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Social Science General

Petun to Wyandot

The Ontario Petun from the Sixteenth Century

by (author) Charles Garrad

edited by Jean-Luc Pilon & William Fox

Canadian Museum of History, University of Ottawa Press
Initial publish date
May 2014
General, Indigenous Studies, Archaeology
  • eBook

    Publish Date
    May 2014
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  • Paperback / softback

    Publish Date
    May 2014
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Charles Garrad’s unique work resurrects the memory of the Petun and traces their route from their creation myth to their living descendants scattered from southwestern Ontario to Kansas and Oklahoma. In Petun to Wyandot, Charles Garrad draws upon five decades of research to tell the turbulent history of the Wyandot tribe, the First Nation once known as the Petun. Combining and reconciling primary historical sources, archaeological data and anthropological evidence, Garrad has produced the most comprehensive study of the Petun Confederacy. Beginning with their first encounters with French explorer Samuel de Champlain in 1616 and extending to their decline and eventual dispersal, this book offers an account of this people from their own perspective and through the voices of the nations, tribes and individuals that surrounded them. Through a cross-reference of views, including historical testimony from Jesuits, European explorers and fur traders, as well as neighboring tribes and nations, Petun to Wyandot uncovers the Petun way of life by examining their culture, politics, trading arrangements and legends. Perhaps most valuable of all, it provides detailed archaeological evidence from the years of research undertaken by Garrad and his colleagues in the Petun Country, located in the Blue Mountains of Central Ontario. Along the way, the author meticulously chronicles the work of other historians and examines their theories regarding the Petun's enigmatic life story.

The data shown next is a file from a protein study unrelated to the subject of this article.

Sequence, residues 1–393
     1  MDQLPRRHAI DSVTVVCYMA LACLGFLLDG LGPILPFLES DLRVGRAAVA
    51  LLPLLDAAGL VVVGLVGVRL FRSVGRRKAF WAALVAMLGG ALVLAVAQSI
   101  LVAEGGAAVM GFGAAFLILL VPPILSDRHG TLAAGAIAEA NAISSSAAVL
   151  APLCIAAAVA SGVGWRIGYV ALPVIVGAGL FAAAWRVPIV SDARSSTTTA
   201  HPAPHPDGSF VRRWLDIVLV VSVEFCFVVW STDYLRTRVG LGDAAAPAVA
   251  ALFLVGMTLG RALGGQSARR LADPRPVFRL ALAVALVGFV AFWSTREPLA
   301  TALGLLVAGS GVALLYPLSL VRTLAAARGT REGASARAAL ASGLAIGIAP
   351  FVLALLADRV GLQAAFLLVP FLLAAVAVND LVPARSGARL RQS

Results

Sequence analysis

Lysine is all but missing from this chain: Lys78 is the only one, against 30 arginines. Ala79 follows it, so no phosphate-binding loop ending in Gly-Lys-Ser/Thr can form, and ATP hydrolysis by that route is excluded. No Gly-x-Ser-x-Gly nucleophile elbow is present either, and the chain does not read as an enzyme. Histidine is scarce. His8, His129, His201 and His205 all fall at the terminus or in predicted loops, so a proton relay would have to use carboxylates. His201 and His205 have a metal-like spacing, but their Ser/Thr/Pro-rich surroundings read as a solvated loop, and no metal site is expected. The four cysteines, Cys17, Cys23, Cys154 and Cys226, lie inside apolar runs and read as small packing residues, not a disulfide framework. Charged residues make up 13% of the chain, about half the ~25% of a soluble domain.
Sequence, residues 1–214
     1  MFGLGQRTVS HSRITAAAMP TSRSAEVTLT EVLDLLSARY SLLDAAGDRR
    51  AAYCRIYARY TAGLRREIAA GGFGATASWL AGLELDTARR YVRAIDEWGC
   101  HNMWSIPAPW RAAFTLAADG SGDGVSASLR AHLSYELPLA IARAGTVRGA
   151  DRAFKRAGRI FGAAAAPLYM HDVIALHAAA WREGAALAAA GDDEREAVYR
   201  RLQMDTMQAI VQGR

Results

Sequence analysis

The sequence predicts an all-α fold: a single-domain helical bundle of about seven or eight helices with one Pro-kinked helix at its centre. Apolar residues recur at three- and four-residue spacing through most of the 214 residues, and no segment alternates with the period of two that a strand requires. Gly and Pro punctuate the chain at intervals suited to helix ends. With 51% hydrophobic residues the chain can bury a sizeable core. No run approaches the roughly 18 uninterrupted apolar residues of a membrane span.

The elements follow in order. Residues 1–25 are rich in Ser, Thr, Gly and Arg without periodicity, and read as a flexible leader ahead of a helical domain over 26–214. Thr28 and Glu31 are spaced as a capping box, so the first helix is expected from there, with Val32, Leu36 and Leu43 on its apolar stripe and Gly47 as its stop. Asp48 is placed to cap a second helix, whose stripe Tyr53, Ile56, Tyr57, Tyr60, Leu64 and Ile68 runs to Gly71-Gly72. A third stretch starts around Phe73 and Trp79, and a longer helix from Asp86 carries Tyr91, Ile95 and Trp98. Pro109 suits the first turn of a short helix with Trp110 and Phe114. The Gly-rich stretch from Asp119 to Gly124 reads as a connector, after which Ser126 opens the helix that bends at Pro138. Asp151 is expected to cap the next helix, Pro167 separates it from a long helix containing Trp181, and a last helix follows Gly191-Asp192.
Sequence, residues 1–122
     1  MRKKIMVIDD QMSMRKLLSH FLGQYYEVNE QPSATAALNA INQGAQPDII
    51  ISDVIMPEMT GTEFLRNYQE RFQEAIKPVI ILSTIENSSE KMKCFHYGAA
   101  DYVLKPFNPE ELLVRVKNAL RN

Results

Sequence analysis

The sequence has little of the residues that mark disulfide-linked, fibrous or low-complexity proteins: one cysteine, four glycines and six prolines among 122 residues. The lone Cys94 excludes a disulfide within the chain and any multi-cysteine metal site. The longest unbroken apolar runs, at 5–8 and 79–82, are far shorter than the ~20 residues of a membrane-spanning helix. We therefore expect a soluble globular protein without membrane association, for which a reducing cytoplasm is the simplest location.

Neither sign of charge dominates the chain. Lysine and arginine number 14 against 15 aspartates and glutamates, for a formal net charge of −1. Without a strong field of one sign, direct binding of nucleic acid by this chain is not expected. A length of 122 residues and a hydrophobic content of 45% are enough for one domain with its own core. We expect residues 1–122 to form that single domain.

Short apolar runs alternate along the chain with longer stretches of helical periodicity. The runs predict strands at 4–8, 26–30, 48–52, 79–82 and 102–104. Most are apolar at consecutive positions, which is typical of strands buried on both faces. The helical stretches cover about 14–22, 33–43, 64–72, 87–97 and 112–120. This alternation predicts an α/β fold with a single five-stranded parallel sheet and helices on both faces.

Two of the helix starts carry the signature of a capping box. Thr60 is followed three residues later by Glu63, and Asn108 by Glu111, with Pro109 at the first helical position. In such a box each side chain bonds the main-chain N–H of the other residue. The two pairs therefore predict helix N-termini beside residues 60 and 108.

Published in English.

About the authors

Charles Garrad’s dedication to understanding the Petun began in the late 1950s when he was shown an archaeological site near Craigleith, in Ontario’s Blue Mountains. As the study of the Petun became his life project, Garrad came to be recognized as an authority on the subject. Over the years, he undertook countless excavations and published widely on the matter.

Charles Garrad's profile page

Jean-Luc Pilon is Curator of Ontario Archaeology at the Canadian Museum of Civilization and an adjunct professor in the Department of Sociology and Anthropology at Carleton University.

Jean-Luc Pilon's profile page

William Fox's profile page


  • Short-listed, Foreword Reviews' INDIEFAB Book of the Year Award Finalist, Regional (Adult Nonfiction)
  • Winner, Award for Excellence in Publishing, Ontario Archaeological Society

Editorial Reviews

"What he has achieved is really very extraordinary," he said. "He has published and written extensively on the Petun...This 628-page book is a distillation of that. It is a lifetime of work. It is his attempt to put what is between his two ears into a book. In archaeology it is rare for people to do that." – Erika Engel, Blue Mountains Courier Herald, 2014

“It’s been a long long journey to bring this book into being, said Garrad joking that archaeological talks and archaeological books are exceedingly boring before launching into a story that began in France in the mid-1500s. It was Champlain who found a series of well-built villages belonging to an agricultural and trading people in 1616 .He named them Nation de Petun Tobacco Nation a people who had broken away from the Huron Nation and moved into the area around Craigleith to participate in the fur trade.” – Sun Times, 2014, p. A03

Other titles by Charles Garrad

Other titles by Jean-Luc Pilon

Other titles by William Fox